Stem cells and Neurodegenerative diseases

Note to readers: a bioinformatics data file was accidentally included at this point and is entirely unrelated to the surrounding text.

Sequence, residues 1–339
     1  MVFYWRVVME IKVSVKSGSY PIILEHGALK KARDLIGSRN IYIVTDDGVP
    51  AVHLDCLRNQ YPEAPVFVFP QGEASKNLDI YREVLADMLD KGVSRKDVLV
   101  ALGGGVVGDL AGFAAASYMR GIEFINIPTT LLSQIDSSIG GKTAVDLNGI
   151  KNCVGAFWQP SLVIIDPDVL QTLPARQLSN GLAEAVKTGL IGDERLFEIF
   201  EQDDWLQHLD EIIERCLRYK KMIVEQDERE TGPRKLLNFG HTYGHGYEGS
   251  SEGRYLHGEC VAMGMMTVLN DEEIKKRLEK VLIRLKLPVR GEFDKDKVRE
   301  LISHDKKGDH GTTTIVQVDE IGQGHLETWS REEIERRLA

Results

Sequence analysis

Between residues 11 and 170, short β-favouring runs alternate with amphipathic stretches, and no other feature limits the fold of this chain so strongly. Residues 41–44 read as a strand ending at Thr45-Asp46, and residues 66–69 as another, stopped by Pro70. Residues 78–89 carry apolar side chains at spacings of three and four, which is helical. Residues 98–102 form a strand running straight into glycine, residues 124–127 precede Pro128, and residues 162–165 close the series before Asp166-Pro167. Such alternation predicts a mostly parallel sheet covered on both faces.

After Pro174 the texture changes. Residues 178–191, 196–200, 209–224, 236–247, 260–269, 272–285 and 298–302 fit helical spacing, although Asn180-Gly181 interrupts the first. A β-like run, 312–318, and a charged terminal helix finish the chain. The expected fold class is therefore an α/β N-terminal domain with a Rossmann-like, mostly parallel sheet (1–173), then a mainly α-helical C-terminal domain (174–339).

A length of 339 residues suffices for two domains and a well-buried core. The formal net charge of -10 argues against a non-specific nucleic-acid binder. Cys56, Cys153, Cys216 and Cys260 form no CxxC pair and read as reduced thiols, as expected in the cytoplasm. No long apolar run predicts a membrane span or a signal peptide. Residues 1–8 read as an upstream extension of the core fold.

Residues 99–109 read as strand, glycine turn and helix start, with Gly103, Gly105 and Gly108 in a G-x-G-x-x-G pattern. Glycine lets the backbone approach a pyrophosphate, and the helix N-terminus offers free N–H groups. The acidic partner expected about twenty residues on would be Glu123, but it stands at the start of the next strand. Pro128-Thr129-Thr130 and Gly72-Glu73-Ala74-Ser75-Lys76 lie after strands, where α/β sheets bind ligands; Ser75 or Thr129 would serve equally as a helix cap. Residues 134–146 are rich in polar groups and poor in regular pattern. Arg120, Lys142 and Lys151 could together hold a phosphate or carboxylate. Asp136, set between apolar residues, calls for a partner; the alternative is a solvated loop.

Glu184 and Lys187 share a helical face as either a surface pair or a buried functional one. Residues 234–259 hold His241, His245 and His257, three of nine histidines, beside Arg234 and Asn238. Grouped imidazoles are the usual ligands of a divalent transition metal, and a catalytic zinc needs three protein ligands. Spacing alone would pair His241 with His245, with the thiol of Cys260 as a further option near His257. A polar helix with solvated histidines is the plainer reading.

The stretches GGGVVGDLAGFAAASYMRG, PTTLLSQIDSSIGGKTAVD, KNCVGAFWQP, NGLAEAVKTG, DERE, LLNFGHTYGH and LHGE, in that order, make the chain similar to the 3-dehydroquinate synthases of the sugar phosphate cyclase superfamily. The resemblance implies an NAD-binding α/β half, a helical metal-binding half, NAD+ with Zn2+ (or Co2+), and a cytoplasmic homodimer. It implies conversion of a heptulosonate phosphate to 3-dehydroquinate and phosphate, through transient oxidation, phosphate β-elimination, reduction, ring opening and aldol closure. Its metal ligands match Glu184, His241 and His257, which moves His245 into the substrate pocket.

Our research interests lie primarily in the area of stem cells and regenerative medicine. Overall, our research goal is to leverage emerging stem cell technologies to better understand neurodegenerative disease, such as PD as well as neurodevelopmental disease such as THD, and to develop novel tools for the discovery of disease mechanisms and treatments. Over the past 10 years, in close collaboration with the group of Dr. Angel Raya and Dr. Eduardo Tolosa, we have amassed a large collection of iPSC lines representing patients of Parkinson’s disease (PD), including idiopathic and genetic forms associated to LRRK2G2019S mutation, as well as asymptomatic LRRK2G2019S carrier relatives and healthy individuals. For most of the LRRK2G2019S patients and carriers, her lab has also generated isogenic gene-edited iPSC controls. These iPSC lines have been used to generate dopaminergic neurons that display phenotypic hallmarks of PD and recapitulate the cellular, molecular, and epigenetic alterations found in neurons from PD patients. Moreover, leveraging on the advantages of iPSC-based disease modeling technology, we have recently unveiled the pathogenic contribution of non-neuronal cells to dopaminergic neurodegeneration in PD, uncovered early functional alterations in PD iPSC-derived neuronal networks, and screened for small molecules preventing neurodegeneration in PD. We also adopt gene editing approaches in our iPSC models to determine how specific targets influence protein aggregation and neuronal pathophysiology and to reveal mechanisms by which new protective genetic variants impact disease onset and progression. Recently, we are also developing advanced experimental in vitro models, such as brain-like organoids, to recapitulate the complexity of the human brain.